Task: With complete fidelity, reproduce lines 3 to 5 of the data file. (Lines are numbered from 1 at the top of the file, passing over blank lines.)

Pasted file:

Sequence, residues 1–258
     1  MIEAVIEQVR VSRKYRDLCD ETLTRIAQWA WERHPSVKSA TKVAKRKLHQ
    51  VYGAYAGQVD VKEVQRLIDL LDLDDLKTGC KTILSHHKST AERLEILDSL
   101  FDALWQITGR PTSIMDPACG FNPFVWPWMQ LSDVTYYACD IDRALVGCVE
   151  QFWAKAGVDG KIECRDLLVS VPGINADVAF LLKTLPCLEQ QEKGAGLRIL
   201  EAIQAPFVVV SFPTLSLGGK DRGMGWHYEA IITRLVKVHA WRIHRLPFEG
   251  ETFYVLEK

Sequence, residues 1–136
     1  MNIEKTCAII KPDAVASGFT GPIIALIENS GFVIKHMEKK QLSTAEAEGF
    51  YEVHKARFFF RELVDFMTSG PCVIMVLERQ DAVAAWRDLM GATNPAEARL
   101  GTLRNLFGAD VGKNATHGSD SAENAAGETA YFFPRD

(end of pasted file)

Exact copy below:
    51  VYGAYAGQVD VKEVQRLIDL LDLDDLKTGC KTILSHHKST AERLEILDSL
   101  FDALWQITGR PTSIMDPACG FNPFVWPWMQ LSDVTYYACD IDRALVGCVE
   151  QFWAKAGVDG KIECRDLLVS VPGINADVAF LLKTLPCLEQ QEKGAGLRIL